Hilary Custance at 19:16 on 29 April 2003  Report this post
Hi Becca, Roger, thanks for wading through that. That was one of the 'expositional' chapters, as advised by the Literarary Consultant who took an early draft and really pulled it apart and told me what needed doing. I then added the prologue for fear that so much background information at the start would be very dull. Metaphors rarely come naturally to me (don't laugh - I sit and think them up and some are appalling), and the concrete pillar was one of the additions I made, right at the end of writing, to enhance the 'showing not telling'. It felt like a hundred revisions. If it weren't published I'd still be at it. And the speech is still not laid out correctly (mea culpa - see note on Dust). Thanks so much for reading it. I can't really paste the whole book but you can buy it if you want. Cheers, Hilary

Anna Reynolds at 20:22 on 02 May 2003  Report this post
OK. Now I definitely want to buy the book- so go to A Small Rain Hilary Custance and do the same as I'm about to!

roger at 20:33 on 02 May 2003  Report this post
Well that's two of us....but we've got to wait 4/6 weeks!

Anna Reynolds at 21:05 on 02 May 2003  Report this post
All good things.... need I say more?

Hilary Custance at 09:52 on 06 May 2003  Report this post
Sorry about the time delay. The publisher is a nice guy who is as full of ideas, and about as organised, as a box of smarties. The other half of the firm left in exasperation half way through publication of a Small Rain!

Hilary Custance at 13:22 on 07 May 2003  Report this post
Oh, and I am thrilled to pieces that you want to read it. Why do I alwatys go for the problem first? Hilary

Anna Reynolds at 22:41 on 07 May 2003  Report this post
Yes- I think we should have a rule on the site that we don't always start with the negative ourselves. Like banning words such as 'sorry', for a start. What d'you think? And anticipation is fun when you're waiting for a book to arrive.

On a seperate note Hilary, it must be odd posting material from a published book here- if you did suddenly have a thought, you can't go back and change it. Unless you wait for the US version of course..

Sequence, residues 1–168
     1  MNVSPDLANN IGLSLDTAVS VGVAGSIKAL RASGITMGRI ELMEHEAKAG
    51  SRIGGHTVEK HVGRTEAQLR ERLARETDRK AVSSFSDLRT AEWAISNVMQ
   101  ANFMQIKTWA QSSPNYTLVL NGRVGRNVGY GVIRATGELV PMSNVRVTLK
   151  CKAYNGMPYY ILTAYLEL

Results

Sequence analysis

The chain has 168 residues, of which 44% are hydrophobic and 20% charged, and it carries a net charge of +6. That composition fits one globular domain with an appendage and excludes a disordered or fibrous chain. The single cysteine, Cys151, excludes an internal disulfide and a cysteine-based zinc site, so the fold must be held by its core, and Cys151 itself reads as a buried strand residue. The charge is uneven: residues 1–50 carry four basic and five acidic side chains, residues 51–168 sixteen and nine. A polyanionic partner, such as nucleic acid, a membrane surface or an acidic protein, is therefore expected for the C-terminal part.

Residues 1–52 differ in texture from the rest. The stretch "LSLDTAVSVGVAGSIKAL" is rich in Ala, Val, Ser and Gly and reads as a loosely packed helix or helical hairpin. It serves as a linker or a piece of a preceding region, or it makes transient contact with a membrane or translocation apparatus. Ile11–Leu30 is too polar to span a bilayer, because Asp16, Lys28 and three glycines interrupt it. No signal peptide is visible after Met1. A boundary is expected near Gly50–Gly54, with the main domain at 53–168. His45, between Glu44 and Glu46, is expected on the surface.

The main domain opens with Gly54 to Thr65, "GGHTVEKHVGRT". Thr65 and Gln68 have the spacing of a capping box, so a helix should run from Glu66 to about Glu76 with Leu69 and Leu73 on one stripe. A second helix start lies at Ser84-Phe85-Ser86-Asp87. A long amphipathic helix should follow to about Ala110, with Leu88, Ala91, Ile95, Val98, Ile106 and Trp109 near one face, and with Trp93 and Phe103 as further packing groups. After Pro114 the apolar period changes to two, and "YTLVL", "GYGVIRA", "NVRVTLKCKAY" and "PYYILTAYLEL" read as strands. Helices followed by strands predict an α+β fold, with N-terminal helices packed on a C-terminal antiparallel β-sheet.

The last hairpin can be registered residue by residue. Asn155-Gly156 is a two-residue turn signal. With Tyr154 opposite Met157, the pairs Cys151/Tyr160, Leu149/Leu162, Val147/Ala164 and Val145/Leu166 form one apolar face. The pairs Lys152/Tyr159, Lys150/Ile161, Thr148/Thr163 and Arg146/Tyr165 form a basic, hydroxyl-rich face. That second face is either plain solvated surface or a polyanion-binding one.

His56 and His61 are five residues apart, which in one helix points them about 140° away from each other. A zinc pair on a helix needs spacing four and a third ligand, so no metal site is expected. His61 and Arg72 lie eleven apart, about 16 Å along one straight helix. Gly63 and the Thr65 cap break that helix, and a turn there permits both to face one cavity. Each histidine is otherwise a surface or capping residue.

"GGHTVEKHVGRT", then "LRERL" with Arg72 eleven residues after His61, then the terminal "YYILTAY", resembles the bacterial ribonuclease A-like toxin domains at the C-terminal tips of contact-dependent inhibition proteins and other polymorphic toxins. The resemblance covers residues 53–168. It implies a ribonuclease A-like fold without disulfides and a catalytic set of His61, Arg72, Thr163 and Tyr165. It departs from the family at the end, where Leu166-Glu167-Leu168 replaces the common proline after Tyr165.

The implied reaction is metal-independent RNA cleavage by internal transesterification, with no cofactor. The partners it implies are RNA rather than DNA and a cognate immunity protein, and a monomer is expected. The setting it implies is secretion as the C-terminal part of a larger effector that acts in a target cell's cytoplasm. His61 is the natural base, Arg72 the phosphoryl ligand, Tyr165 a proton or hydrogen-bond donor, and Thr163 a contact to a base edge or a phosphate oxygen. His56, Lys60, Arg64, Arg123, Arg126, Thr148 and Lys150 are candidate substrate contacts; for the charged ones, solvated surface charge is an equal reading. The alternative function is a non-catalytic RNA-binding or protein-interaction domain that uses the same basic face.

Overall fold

Also, I'd be interested to know about your experience of publishing A Small Rain. If you wanted to write us a short piece, I think other people would be interested- fancy it? I can give you our regular interviewee guidelines if you like. I think it would be useful to have some insights into working with the frustrations (and delights!) of small publishers, as you allude to above..

Becca at 07:35 on 08 May 2003  Report this post
I thought I spotted your book at Amazon the other day. I'll look it up again tonight and let you know. I agree with Anna that it would be interesting to hear about the process. What are you writing now? Is it seeable?

Hilary Custance at 17:40 on 09 May 2003  Report this post
Yes, I didn't really plan to put this up. I just posted the brief prologue to get my feet wet. Then something you said, Anna, made me put up more. I hope one day to republish it with at least some corrections and minor editing. I think current writing can profit from finding out what did and didn't work before.
The one I am working on at the moment, Becca, is Hindsight (now, presumably, in the archives). I 've had some really helpful feedback on the first chapter and it will go underground now until it is nearly ready.

Publishing experience - yes I'd be willing to talk about mine. Though I have to be slightly circumspect, as my book (though not the copyright) is in this guy's hands. He runs a writer's website (www. author.co.uk). Do send me the guidelines and I'll have a go. Hilary

Hilary Custance at 10:21 on 10 May 2003  Report this post
Wonders will never cease. I have finally arrived on the front page of www.author.co.uk! I would like to put it in the forum, but couldn't see a suitable spot.Hilary

Becca at 07:39 on 11 May 2003  Report this post

Becca at 07:43 on 11 May 2003  Report this post
Hey Hilary,
I thought I saw it on Amazon, and it's got a 5 out of 5 rating. I ordered it, 4 to 6 weeks to arrive, hopefully that will reduce over time for your book.